I'm pursuing a Ph.D. in a computer science-related field (more particularly, in Artificial Intelligence). During my studies, I was involved in several projects, some of them got published in top-tier conferences. I'm ought to submit my Ph.D. thesis this year and was wondering what's the role of theses these days in CS.

Generating a polished thesis would take at least two months. However, collecting the work we've already published into a huge Latex file with a shared (newly written) introduction and discussion would take one week. I believe I can use the spare time to advance my research even further or start new collaborations.

If that matters, my career plans are to start a postdoc position, followed by seeking an academic position.

So, is there any significant downside to hastily constructing a "sandwich thesis" as opposed to carefully polishing a cohesive document? Assume that my committee would accept both.

  • 31
    If I am right, you are asking the choice between "generating a polished thesis" and "collecting the work we've already published into a huge Latex file". I think the answer depends on your institution’s regulations, the exact contents of your work or your personal values, thus off-topic on our site.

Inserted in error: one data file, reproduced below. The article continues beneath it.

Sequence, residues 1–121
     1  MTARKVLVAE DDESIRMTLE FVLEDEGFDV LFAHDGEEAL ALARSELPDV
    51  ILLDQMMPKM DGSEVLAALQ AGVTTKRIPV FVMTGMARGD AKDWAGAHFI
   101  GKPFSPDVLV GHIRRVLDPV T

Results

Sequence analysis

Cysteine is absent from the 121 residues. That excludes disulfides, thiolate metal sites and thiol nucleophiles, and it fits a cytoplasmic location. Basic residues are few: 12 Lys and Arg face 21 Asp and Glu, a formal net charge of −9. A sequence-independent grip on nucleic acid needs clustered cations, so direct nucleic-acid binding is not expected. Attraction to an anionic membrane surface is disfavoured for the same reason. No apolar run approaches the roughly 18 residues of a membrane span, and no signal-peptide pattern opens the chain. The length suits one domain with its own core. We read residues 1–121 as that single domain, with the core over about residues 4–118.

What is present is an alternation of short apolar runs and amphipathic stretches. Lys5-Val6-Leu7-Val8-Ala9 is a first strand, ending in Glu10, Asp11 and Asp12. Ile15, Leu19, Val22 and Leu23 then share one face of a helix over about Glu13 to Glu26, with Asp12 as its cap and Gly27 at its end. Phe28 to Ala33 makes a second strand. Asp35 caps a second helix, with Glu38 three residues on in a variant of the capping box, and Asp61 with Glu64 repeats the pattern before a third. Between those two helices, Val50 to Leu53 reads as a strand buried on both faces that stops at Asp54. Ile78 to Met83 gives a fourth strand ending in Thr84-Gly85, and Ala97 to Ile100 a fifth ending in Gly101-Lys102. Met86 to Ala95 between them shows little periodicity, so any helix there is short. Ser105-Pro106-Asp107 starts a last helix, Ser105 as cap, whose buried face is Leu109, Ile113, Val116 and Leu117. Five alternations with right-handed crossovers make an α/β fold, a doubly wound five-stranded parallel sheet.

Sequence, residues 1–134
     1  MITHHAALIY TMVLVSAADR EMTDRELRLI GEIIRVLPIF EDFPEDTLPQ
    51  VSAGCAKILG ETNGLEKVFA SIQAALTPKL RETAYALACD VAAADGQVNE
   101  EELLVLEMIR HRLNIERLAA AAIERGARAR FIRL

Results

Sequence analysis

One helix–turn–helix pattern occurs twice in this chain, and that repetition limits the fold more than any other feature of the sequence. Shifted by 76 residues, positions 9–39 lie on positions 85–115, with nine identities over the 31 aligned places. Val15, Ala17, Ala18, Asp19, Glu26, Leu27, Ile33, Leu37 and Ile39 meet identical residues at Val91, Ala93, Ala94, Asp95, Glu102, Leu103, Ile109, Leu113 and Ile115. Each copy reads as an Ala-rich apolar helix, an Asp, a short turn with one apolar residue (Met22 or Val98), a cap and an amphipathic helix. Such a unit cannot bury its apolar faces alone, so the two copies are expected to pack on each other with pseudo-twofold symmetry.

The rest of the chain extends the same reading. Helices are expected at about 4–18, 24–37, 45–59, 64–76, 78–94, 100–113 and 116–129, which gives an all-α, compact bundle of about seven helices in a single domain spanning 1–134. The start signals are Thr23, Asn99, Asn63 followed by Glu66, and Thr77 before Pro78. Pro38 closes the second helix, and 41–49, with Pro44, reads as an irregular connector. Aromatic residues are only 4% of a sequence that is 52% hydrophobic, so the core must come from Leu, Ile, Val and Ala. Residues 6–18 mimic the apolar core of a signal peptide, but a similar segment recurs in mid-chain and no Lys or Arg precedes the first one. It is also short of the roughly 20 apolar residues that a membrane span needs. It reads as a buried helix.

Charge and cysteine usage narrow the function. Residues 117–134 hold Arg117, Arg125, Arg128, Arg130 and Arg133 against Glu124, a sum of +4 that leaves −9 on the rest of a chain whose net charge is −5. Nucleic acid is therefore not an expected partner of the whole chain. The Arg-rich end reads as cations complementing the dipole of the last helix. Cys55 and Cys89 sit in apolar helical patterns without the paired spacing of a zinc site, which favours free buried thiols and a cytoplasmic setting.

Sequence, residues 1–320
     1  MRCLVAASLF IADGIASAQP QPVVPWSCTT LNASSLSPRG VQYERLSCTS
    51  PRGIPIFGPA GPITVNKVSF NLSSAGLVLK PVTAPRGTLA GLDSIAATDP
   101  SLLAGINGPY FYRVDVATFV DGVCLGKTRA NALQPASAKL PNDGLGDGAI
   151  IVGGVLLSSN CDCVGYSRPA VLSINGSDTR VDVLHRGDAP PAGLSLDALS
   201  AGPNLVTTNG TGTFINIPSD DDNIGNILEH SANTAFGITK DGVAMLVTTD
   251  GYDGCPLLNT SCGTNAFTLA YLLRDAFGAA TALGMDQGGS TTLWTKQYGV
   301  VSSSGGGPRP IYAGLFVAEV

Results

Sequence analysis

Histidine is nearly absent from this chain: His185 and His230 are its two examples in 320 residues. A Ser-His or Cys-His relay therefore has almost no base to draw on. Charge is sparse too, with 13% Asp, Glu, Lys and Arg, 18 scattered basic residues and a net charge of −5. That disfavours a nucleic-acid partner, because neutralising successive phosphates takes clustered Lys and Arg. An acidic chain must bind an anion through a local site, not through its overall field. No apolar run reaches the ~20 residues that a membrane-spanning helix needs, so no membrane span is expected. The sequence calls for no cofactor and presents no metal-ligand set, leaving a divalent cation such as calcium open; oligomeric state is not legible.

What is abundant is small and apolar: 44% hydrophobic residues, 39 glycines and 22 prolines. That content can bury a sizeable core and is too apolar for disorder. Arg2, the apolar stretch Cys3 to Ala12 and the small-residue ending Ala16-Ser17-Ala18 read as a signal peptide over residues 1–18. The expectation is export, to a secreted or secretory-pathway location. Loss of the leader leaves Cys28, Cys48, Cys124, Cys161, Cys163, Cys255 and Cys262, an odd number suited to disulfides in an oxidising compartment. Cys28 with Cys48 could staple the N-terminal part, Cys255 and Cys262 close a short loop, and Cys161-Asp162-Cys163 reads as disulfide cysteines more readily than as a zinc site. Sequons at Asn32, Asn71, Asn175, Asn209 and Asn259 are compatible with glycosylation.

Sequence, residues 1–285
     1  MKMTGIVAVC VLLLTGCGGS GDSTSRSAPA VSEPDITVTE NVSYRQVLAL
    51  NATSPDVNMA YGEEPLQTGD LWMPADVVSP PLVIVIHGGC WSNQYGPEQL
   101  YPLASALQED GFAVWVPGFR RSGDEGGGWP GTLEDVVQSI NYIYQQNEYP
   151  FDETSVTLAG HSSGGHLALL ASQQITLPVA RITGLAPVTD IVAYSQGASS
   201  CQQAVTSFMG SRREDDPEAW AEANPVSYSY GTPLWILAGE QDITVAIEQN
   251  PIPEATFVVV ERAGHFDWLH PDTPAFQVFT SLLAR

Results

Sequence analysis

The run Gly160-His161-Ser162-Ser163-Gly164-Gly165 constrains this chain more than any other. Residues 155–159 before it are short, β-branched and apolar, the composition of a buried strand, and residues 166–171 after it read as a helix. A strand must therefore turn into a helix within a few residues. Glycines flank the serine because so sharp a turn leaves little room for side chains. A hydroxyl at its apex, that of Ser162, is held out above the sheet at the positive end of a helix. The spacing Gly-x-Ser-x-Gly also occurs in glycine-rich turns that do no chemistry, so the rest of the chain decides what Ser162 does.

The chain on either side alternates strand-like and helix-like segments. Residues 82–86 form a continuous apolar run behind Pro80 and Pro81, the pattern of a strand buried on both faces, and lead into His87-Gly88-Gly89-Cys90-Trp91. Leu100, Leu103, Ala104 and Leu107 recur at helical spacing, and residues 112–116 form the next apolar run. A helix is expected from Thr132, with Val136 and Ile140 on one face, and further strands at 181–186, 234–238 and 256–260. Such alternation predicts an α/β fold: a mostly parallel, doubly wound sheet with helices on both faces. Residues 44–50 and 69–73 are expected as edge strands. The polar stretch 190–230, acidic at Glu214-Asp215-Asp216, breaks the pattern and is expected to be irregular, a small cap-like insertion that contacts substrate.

– Nobody
    Commented Feb 8, 2020 at 13:15
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    OP (original poster), your seem to be describing the difference between a "cumulative PhD thesis" and a classical "book-like PhD thesis". Could you clarify whether this is the case in your question and mention whether your PhD examination reguations allow cumulative PhD theses and whether you satisfied the formala requirements to writing one already (there may be a minimum number of peer-reviewed papers for this route)?
    – DCTLib
    Commented Feb 8, 2020 at 13:26
  • 2
    You might be interested: academia.stackexchange.com/questions/124689/…
    – Allure
    Commented Feb 8, 2020 at 23:44
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    @user_of_math My thesis was in physics, not CS.
    – tparker
    Commented Feb 9, 2020 at 5:21
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    A well written thesis is one of my favorite things to read. They are a good way to get an idea of a subfield you are not directly working in.